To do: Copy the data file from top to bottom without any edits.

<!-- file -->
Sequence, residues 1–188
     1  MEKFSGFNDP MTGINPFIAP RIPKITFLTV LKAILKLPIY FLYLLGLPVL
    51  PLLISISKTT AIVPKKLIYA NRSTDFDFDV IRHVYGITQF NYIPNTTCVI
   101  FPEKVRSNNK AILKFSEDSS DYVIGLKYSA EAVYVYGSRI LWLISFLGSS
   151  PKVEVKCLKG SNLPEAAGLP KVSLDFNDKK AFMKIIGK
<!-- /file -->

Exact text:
Sequence, residues 1–188
     1  MEKFSGFNDP MTGINPFIAP RIPKITFLTV LKAILKLPIY FLYLLGLPVL
    51  PLLISISKTT AIVPKKLIYA NRSTDFDFDV IRHVYGITQF NYIPNTTCVI
   101  FPEKVRSNNK AILKFSEDSS DYVIGLKYSA EAVYVYGSRI LWLISFLGSS
   151  PKVEVKCLKG SNLPEAAGLP KVSLDFNDKK AFMKIIGK